By removing salt from seawater, GE’s newest desalination plant in Algiers will supply enough drinking water to serve 25% of the country’s capital population.
GE has joined the Algerian Government, the Overseas Private Investment Corporation (OPIC) and the Algerian Energy Company (AEC), in announcing plans to build Hamma Water Desalination SpA (Hamma) – Africa’s largest seawater desalination plant. Formed and funded by GE and AEC, the Hamma project is part of GE’s ecomagination effort, which is aimed at building innovative solutions to tough global problems, like water scarcity. The Hamma project will supply 25% of Algeria’s capital city’s population with desperately needed drinking water.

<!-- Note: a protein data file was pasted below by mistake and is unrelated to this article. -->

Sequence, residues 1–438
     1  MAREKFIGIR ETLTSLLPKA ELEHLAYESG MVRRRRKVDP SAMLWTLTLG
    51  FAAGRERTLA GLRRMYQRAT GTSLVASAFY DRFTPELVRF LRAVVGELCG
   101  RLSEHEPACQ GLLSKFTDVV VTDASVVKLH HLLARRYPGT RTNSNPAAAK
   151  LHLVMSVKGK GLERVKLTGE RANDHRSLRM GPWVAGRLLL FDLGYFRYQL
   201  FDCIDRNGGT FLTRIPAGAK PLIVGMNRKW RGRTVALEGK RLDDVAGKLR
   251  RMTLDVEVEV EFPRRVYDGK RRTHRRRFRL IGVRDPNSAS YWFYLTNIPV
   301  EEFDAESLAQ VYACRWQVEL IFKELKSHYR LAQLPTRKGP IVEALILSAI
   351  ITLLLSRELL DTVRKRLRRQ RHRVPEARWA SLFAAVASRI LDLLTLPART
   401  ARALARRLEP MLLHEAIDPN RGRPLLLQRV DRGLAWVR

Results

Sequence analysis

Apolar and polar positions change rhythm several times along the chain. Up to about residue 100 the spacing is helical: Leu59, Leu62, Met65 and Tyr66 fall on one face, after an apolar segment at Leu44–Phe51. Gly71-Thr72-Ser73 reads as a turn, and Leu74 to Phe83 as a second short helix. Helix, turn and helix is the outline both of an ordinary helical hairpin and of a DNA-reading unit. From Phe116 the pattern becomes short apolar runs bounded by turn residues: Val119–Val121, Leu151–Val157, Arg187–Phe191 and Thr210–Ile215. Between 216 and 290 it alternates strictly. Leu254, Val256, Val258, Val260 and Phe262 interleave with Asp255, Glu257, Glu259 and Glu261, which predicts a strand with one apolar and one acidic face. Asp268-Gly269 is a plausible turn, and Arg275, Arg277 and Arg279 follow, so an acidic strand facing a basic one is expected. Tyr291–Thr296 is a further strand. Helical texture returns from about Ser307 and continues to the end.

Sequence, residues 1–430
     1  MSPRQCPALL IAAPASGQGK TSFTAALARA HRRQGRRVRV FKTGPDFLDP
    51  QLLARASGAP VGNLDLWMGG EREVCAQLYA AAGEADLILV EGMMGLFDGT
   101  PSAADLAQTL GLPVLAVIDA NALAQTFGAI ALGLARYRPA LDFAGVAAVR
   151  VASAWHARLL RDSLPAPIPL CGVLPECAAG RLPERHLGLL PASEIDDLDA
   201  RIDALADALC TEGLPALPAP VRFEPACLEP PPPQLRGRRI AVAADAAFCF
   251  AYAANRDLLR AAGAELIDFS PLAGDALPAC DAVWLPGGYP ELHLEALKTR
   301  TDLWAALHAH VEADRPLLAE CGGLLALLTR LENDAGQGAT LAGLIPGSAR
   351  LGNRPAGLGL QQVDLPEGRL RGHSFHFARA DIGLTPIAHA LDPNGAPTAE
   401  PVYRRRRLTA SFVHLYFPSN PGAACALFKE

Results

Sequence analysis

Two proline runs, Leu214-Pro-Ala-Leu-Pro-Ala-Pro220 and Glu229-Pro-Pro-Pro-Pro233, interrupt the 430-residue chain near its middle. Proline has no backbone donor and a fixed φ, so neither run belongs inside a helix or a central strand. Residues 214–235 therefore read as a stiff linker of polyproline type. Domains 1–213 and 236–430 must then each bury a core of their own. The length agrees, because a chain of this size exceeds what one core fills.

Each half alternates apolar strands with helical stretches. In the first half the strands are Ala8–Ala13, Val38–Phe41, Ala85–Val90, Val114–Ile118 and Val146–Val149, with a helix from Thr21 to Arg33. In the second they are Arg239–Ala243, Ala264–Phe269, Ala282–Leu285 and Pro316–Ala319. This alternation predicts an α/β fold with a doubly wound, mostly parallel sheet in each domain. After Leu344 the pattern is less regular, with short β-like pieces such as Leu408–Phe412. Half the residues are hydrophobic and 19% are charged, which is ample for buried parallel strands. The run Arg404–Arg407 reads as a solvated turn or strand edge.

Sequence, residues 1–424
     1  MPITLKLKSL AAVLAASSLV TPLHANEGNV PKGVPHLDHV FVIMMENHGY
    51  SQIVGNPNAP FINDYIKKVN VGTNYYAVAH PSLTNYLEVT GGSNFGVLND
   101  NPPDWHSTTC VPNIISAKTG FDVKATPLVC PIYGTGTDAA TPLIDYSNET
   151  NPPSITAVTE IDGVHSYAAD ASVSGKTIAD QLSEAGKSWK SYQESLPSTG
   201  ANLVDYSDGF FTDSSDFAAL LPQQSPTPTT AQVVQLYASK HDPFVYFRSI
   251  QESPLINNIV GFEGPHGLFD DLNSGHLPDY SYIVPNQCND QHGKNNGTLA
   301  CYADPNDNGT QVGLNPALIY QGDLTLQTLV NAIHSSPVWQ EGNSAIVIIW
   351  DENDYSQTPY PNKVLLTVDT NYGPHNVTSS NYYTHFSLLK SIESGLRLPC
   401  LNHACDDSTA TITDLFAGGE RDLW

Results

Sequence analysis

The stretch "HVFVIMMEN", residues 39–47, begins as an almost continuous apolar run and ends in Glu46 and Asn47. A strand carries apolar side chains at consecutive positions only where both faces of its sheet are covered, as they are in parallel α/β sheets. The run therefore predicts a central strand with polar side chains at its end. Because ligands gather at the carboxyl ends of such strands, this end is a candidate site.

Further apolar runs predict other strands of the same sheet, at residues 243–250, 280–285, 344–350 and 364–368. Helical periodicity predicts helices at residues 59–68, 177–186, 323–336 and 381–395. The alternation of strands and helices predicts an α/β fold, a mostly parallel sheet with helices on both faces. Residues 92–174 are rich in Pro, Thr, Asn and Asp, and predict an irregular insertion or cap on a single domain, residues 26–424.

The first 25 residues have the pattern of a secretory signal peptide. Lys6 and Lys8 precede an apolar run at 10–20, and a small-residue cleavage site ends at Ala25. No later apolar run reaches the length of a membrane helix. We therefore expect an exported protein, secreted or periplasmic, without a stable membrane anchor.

Funded by GE (70%) and AEC (30%), Hamma will be the first private desalination reverse osmosis potable water project in Algeria. The project will also be the largest membrane desalination plant in Africa, as well as one of the largest desalination plants in the entire world.
All this is well known, public information, provided on GE’s web site, and part of GE’s Ecomagination effort.
What is little known, however, is the technology for cost-effective Reverse Osmosis on this project is provided by a little California company called Energy Recovery Inc. (ERI). ERI is on track to do $40 Million in revenues this year, and will have a $300 Million backlog.
My strong bet is that GE will spend a good chunk of its multi billion dollar cash reserve to acquire this company within the next 18 months.